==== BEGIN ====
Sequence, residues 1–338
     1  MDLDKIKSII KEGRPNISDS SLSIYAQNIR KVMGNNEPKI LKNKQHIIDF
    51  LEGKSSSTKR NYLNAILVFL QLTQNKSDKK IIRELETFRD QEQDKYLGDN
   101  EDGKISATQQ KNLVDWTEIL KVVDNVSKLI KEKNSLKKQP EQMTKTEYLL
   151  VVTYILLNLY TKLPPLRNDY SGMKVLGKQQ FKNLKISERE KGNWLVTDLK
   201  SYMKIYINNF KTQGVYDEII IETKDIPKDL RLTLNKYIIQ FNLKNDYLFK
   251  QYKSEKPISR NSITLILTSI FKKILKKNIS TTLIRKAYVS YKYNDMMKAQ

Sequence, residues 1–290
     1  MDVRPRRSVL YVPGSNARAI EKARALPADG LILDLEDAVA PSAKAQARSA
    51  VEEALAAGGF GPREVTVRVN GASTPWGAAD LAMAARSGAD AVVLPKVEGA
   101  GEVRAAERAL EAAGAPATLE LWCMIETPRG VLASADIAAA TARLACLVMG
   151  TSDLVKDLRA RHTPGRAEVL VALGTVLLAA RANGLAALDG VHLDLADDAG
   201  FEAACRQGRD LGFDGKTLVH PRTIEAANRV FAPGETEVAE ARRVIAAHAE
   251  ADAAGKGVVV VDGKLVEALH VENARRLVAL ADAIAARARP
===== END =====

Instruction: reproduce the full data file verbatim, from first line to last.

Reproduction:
Sequence, residues 1–338
     1  MDLDKIKSII KEGRPNISDS SLSIYAQNIR KVMGNNEPKI LKNKQHIIDF
    51  LEGKSSSTKR NYLNAILVFL QLTQNKSDKK IIRELETFRD QEQDKYLGDN
   101  EDGKISATQQ KNLVDWTEIL KVVDNVSKLI KEKNSLKKQP EQMTKTEYLL
   151  VVTYILLNLY TKLPPLRNDY SGMKVLGKQQ FKNLKISERE KGNWLVTDLK
   201  SYMKIYINNF KTQGVYDEII IETKDIPKDL RLTLNKYIIQ FNLKNDYLFK
   251  QYKSEKPISR NSITLILTSI FKKILKKNIS TTLIRKAYVS YKYNDMMKAQ

Sequence, residues 1–290
     1  MDVRPRRSVL YVPGSNARAI EKARALPADG LILDLEDAVA PSAKAQARSA
    51  VEEALAAGGF GPREVTVRVN GASTPWGAAD LAMAARSGAD AVVLPKVEGA
   101  GEVRAAERAL EAAGAPATLE LWCMIETPRG VLASADIAAA TARLACLVMG
   151  TSDLVKDLRA RHTPGRAEVL VALGTVLLAA RANGLAALDG VHLDLADDAG
   201  FEAACRQGRD LGFDGKTLVH PRTIEAANRV FAPGETEVAE ARRVIAAHAE
   251  ADAAGKGVVV VDGKLVEALH VENARRLVAL ADAIAARARP